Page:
Thermodynamics (n.) – the science concerned with the relations between heat and mechanical energy
That’s all she wrote. While not mathematically eliminated from playoff contention, the Mavs’ hopes of making the dance are all but dead. They came into this week with a discernible chance, but a 1-2 run against a slate of tough opponents changed all that. A loss to the top-flight Indiana Pacers put the Mavs on life support; another loss to the mediocre Los Angeles Lakers was the death blow.
To no one’s surprise, this will be the most downtrodden installment of Thermodynamics this season. But don’t fret. The Mavs won’t stay down forever.
Week 23 (Pacers, Bulls, @Lakers)
1) Dirk Nowitzki (well, mostly)
In the first two games this week, Dirk was stellar. He scored 21 points on 10-of-20 (50%) shooting against the Pacers, and was essentially the sole reason a 25-point blowout wasn’t even worse. Two days later, in the Saturday matinee against the Bulls, Dirk turned in his best performance of the season: 35 points, an absolutely preposterous 14-of-17 (82%) from the floor, and a personal 8-1 run to end the game. That afternoon in Dallas, Dirk did what only a handful of players in the league can do — he single-handedly pulled a victory out of otherwise certain defeat, and he did so against a quality team. Nowitzki’s week didn’t end well, as he shot a poor 4-of-13 (31%) and was generally ineffective against the Lakers. Some will blame the team’s inability to consistently get him shots — “Well, of course he can’t shoot well if he only gets X shots in first half,” they’ll say. Although that complaint is indisputably valid as a general matter, as applied to Dirk’s shooting poorly in a particular game, it falls flat as an excuse. Nowitzki is capable of shooting well on very few shots — in fact, he does it all the time. Exactly 125 times in his career, Dirk has shot better than 50% on fewer than 12 attempts. His poor shooting against the Lakers certainly didn’t cost the Mavs the game, though it most certainly didn’t help. Still, his week on the whole was vintage. The Bulls game alone has a firm spot in Dirk’s pantheon of greatness.
2) The Center Rotation
No, not the actual production of the center position—that was anything but hot. But the rotation itself was blisteringly sporadic. The Mavs played three games this week. Guess how many different centers they started? You guessed it: three. Guess how many injuries forced those lineup changes? You guessed it: zero. Now, these choices by Rick Carlisle didn’t wholly lack reasoning. Brandan Wright started against the Pacers — despite the presence of Roy Hibbert — because Wright had been playing so well of late. Elton Brand then started against the Bulls because his body type matches better than Wright’s against Carlos Boozer. But Brand struggled mightily on defense, so Wright ended up playing more minutes. Sensible enough. Chris Kaman’s surprise start in the week’s finale against the Lakers was surprising, but again, you can see the logic there. Brandan Wright is too skinny to guard the Lakers’ massive frontline, and Elton Brand is too short. Not saying I agree with the resulting decision to start Kaman, but those justifications played a big part in the game of hot potato at the five this week.
3) Mark Cuban’s Face
Let me start with this: I am a big, big Mark Cuban fan. He does so many things right, both in basketball and in business, and his genuine, unfiltered persona is something I enjoy immensely. Mark’s one of the good guys, in my view. That being said, I hate to see him (figuratively) red-faced like he was this week. The Mavs’ failures of the last seven days were the culmination of two straight disappointing offseasons for Cuban. His bizarre remarks about drafting Baylor women’s basketball star Brittney Griner seemed more designed to deflect attention away from the Mavs’ sinking ship than to offer anything substantive. I hope he rights that ship this offseason, because even though I’m incredibly unlikely to ever turn on him as the Mavs’ owner, I know others will.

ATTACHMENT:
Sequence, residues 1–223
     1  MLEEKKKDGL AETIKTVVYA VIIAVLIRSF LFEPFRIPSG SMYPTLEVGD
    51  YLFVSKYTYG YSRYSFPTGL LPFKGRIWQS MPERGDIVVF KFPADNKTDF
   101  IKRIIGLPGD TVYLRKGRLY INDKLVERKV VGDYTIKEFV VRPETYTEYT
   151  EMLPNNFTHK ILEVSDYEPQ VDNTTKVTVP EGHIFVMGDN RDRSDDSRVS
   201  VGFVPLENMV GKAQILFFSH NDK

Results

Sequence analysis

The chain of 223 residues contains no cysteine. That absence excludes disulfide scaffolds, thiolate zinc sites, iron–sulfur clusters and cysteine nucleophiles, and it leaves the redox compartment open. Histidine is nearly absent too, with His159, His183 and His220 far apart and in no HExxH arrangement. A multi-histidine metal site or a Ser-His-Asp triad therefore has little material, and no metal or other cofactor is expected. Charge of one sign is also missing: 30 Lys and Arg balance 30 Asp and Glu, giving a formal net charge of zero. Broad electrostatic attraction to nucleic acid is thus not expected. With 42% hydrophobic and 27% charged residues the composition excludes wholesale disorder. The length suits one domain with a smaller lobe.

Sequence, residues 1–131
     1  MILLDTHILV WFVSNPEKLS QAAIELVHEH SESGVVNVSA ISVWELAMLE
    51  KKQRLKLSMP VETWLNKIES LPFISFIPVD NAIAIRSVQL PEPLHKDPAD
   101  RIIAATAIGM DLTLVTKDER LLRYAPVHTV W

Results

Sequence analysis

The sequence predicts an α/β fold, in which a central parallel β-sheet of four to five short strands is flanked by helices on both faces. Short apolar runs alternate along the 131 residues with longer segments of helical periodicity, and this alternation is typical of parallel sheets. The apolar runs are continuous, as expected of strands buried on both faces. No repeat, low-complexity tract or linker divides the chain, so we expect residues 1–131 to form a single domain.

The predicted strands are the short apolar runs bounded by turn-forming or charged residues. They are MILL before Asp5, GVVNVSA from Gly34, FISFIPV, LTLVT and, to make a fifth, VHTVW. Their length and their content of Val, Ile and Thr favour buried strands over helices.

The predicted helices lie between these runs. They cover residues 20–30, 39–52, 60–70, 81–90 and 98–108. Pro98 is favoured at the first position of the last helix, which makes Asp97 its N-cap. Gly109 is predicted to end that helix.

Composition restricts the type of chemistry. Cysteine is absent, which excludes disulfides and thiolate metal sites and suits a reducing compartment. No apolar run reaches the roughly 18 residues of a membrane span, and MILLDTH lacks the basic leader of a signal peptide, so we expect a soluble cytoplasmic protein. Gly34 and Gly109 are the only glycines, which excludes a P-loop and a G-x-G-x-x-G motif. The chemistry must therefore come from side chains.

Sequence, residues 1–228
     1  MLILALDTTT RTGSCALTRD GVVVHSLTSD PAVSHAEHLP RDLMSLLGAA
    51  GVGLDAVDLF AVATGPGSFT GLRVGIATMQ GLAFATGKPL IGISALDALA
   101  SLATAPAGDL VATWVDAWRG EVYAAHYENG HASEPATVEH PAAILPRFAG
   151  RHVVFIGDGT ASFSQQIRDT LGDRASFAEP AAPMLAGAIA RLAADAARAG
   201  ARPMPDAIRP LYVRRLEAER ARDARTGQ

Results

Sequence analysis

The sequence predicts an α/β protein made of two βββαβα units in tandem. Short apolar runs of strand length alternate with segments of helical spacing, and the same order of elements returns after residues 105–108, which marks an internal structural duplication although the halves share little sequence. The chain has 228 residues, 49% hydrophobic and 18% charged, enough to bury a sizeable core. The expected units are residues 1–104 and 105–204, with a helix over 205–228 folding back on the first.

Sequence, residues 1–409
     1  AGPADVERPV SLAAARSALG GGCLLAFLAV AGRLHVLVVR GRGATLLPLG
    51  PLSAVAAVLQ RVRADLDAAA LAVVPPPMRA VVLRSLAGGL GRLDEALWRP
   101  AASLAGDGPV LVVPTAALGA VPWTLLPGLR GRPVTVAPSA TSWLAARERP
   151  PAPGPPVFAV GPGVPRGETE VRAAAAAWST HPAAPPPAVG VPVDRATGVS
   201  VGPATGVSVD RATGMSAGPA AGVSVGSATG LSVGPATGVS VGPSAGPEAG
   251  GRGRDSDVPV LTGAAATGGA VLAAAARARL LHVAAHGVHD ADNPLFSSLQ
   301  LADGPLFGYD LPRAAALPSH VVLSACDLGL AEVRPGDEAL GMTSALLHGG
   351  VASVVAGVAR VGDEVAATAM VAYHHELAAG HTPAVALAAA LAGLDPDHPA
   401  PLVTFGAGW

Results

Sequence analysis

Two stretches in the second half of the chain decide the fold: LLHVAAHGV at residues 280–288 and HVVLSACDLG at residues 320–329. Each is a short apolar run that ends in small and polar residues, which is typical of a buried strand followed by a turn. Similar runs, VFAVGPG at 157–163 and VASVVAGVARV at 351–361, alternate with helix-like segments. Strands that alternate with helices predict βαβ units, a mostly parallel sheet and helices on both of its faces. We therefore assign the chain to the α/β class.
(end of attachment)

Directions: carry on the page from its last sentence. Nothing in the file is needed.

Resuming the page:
That’s right: for the 142nd week (rough approximation) out of 23, the Mavs’ inability to rebound makes the Thermodynamics cut. They were outrebounded 55-34 by the Pacers (at home, no less) and 57-37 by the Lakers. Both opponents dominated the offensive glass, pulling down 15 and 19 offensive boards, respectively. Want to know the biggest reason the Mavs lost each of these games? You’re looking at it.
2) Defending the Frontcourt
The Mavs’ lack of athleticism and defensive tenacity in the frontcourt hit them hard this week. The Pacers’ Roy Hibbert, Tyler Hansbrough, and Ian Mahinmi each shot 50% and totaled 41 points. Budding superstar Paul George — who’s 6’9” but more a wing than a traditional big — contributed another 24 points on 10-of-17 (59%) shooting. The Bulls’ Carlos Boozer also had himself a nice day in Dallas, notching 25 points on excellent 11-of-16 (69%) shooting to go with 11 rebounds. And then there were the Lakers, those height-mongering behemoths. Dwight Howard: 24 points on 7-of-12 (58%) shooting, 12 boards. Pau Gasol: 14 points on 6-of-13 (46%) shooting, 10 boards. Earl Clark: 17 points on 7-of-14 (50%) shooting, 12 boards. Size kills; tenacious, athletic size kills even more.
3) The Dream
The Mavs had spent the previous few weeks propping up the hopes of their fans with inspired play, veteran moxie, and a whole lot of heart. On the strength of those traits, a postseason appearance (though likely a short one) had become legitimately possible. Those traits still count for something—a great deal, in my mind—but they weren’t nearly enough. With the losses this week, the hill is almost certainly too steep to climb.
The playoff dream is dead. Long live the playoff dream.
Travis Wimberly lives in Austin, Texas and writes about the Dallas Mavericks on Al Gore’s Internet™. Travis enjoys shenanigans, claptrap, and frivolity. Follow Travis on Twitter @TravisRW.